When guests visit the local observatories, staff astronomers always look to impress them with great views of the Moon, Jupiter, Saturn and Mars when any of these worlds are observable. The wealth of detail visible through each facility’s telescopes can awaken the sense of awe within children and adults alike. What child hasn’t marveled at the Moon’s vast craters? Who hasn’t watched the parade of Jupiter’s Galilean moons orbiting this gigantic planet and not thought about Galileo’s first view of this phenomenal sight? We sky interpreters love to hear the oohs and aahs as folks get a glimpse of Saturn’s magnificent rings for the first time. And when dust storms on Mars don’t spoil the view of this desert-like world, who can’t help but wonder if life may exist beneath its surface? Any night amateur astronomers can introduce casual stargazers to these magnificent worlds is a wonderful experience.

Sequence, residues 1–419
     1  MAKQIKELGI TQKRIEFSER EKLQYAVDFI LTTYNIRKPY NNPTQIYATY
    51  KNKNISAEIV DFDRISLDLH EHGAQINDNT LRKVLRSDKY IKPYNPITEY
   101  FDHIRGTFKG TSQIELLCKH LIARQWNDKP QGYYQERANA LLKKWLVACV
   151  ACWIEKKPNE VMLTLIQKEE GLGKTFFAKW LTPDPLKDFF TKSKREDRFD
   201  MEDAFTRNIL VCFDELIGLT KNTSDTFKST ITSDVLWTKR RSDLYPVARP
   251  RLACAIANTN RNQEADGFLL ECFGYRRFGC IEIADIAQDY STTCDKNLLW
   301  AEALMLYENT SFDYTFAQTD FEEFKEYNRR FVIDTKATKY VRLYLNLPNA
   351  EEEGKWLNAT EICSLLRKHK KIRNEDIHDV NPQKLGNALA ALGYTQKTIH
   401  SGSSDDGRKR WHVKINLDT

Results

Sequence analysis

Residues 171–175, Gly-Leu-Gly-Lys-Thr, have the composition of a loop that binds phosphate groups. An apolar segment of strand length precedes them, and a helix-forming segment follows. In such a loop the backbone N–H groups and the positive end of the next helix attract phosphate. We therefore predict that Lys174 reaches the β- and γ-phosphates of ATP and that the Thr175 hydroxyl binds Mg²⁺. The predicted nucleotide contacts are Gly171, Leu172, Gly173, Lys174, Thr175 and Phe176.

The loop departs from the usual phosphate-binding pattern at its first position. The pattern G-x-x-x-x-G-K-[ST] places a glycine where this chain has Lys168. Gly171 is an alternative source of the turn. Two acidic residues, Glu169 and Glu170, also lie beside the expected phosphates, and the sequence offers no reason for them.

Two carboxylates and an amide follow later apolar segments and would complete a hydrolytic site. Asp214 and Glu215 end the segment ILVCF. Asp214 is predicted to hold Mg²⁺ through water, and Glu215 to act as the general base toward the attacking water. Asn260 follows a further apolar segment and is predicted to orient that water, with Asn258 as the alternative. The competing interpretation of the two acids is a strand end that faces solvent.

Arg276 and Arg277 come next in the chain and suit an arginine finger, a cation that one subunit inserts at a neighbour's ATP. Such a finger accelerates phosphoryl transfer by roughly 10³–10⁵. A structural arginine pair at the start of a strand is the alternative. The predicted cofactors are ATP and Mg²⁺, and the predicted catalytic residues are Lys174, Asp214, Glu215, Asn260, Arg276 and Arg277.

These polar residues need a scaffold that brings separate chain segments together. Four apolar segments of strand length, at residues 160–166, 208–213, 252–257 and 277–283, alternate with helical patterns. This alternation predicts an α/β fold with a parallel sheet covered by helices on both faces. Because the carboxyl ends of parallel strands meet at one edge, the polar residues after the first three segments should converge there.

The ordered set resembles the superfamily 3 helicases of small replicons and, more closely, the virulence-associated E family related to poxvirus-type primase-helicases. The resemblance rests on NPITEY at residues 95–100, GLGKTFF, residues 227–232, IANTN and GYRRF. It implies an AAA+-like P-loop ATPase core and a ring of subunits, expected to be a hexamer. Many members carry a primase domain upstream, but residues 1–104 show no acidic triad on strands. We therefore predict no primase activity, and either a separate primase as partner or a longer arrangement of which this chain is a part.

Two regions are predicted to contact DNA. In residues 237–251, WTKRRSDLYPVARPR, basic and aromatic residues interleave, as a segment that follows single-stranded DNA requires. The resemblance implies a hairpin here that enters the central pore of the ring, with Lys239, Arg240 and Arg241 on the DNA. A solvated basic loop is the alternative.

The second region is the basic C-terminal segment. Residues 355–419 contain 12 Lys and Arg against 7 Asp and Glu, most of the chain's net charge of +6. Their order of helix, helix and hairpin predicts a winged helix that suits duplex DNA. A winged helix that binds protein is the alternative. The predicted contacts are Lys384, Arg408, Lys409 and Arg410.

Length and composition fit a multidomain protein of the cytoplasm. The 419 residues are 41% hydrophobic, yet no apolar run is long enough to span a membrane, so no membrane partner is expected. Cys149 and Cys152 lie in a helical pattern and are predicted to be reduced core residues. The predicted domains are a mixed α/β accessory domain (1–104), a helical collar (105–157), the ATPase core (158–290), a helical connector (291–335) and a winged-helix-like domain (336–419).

However, while the afore-mentioned objects get most of the glory, there are two inferior planets of our solar system that are often neglected. No, they do not have any neuroses. Inferior is an astronomical term meaning these planets orbit between the Sun and the Earth. I’m referring to Mercury and Venus. Consequently, they do not stray far from the Sun in the sky from our Earthly perspective. Examine this brief video which explains what we observe. Whenever Mercury and Venus appear above either the eastern or western horizon these events are called elongations. Mercury can appear no more than a maximum of 28 degrees away from the Sun, while Venus can appear no more than a maximum of 48 degrees away from the Sun. Elevation above one’s horizon varies from one elongation to another.Continue reading Observing the Inner Solar System: Mercury and Venus